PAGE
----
To deliver on the SDG agenda, the average additional spending needed in low-income countries represents 15 % of their GDP, according to an International Monetary Fund (IMF) staff paper of September 2018. Substantial investments are needed in education, health, water supply and sanitation, roads and electricity. Given that many of the countries concerned do not even generate 15 % as government revenues, the gaps are obviously huge.
At the same time, unemployment and underemployment remain serious problems. Commodity prices have been declining, moreover, which is bad news for the low-income economies that export these goods. In this setting, it is naïve to expect them to see dramatically increasing tax revenues. Instead, public debt is growing once again, and experts from the IMF and the World Bank have been warning of debt-stress risks for quite some time (see Jürgen Zattler in Focus section of D+C/E+Z e-Paper 2018-09).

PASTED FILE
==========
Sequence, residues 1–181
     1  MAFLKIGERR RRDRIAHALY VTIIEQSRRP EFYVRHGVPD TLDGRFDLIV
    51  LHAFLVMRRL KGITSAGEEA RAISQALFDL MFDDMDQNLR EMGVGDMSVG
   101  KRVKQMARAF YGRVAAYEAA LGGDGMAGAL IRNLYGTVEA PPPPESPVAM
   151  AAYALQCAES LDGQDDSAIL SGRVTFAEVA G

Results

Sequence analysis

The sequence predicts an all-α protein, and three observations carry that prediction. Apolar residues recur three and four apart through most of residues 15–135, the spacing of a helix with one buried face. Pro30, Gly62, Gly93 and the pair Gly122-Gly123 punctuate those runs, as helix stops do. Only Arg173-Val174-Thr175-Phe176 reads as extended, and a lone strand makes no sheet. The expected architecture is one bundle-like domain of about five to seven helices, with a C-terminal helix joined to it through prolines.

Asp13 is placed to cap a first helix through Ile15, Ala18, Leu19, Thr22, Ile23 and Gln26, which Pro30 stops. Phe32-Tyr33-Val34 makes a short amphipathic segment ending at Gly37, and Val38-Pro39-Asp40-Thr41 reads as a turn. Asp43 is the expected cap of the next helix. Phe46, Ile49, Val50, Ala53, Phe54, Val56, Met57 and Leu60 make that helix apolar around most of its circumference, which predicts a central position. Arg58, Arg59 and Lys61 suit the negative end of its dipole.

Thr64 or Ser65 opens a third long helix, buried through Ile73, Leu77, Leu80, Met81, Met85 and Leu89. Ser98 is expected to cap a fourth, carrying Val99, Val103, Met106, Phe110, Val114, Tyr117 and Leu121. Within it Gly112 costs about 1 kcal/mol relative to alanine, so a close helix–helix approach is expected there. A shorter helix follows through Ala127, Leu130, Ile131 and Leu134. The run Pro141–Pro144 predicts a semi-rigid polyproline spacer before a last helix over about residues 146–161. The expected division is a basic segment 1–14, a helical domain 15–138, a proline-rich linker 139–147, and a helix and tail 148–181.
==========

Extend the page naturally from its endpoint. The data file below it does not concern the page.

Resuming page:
In this context, the current multilateral policy framework in regard to macroeconomic stability is far too rigged. The focus is only on debt levels, regardless of what loans are used for. Internationally, interest rates are quite low and mitigating climate change must be considered more important than fending off inflation in the long run. Inflation is painful, but policymakers can get a grip on it, when and if it arises. Global warming is irreversible. The current financial-stability framework means that low-income countries’ cumulative debt is considered unsustainable once it exceeds a certain level. At that point, they are at risk of being cut off not only from loans, but even from grants. International financial institutions and the OECD countries should grant them more policy space.